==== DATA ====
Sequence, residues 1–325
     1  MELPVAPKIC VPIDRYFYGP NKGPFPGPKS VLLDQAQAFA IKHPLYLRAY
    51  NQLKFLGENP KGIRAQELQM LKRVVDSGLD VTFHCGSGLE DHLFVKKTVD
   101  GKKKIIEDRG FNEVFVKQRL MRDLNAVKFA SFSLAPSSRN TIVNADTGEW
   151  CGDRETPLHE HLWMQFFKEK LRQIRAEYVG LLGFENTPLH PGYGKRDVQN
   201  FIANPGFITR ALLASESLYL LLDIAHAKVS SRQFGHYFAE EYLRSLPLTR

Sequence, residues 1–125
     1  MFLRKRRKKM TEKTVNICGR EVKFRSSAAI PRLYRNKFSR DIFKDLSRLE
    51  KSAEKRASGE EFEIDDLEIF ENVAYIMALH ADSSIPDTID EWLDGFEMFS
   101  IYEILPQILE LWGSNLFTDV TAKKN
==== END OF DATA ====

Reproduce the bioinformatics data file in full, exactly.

Sequence, residues 1–325
     1  MELPVAPKIC VPIDRYFYGP NKGPFPGPKS VLLDQAQAFA IKHPLYLRAY
    51  NQLKFLGENP KGIRAQELQM LKRVVDSGLD VTFHCGSGLE DHLFVKKTVD
   101  GKKKIIEDRG FNEVFVKQRL MRDLNAVKFA SFSLAPSSRN TIVNADTGEW
   151  CGDRETPLHE HLWMQFFKEK LRQIRAEYVG LLGFENTPLH PGYGKRDVQN
   201  FIANPGFITR ALLASESLYL LLDIAHAKVS SRQFGHYFAE EYLRSLPLTR

Sequence, residues 1–125
     1  MFLRKRRKKM TEKTVNICGR EVKFRSSAAI PRLYRNKFSR DIFKDLSRLE
    51  KSAEKRASGE EFEIDDLEIF ENVAYIMALH ADSSIPDTID EWLDGFEMFS
   101  IYEILPQILE LWGSNLFTDV TAKKN